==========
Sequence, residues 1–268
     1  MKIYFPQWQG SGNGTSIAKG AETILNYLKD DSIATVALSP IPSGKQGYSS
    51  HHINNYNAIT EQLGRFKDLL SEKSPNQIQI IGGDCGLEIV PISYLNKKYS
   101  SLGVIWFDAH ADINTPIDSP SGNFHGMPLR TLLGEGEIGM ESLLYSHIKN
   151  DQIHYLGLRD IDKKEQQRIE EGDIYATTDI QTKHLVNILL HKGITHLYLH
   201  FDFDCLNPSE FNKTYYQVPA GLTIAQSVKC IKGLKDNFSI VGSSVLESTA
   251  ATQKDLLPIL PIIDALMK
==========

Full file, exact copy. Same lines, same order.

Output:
Sequence, residues 1–268
     1  MKIYFPQWQG SGNGTSIAKG AETILNYLKD DSIATVALSP IPSGKQGYSS
    51  HHINNYNAIT EQLGRFKDLL SEKSPNQIQI IGGDCGLEIV PISYLNKKYS
   101  SLGVIWFDAH ADINTPIDSP SGNFHGMPLR TLLGEGEIGM ESLLYSHIKN
   151  DQIHYLGLRD IDKKEQQRIE EGDIYATTDI QTKHLVNILL HKGITHLYLH
   201  FDFDCLNPSE FNKTYYQVPA GLTIAQSVKC IKGLKDNFSI VGSSVLESTA
   251  ATQKDLLPIL PIIDALMK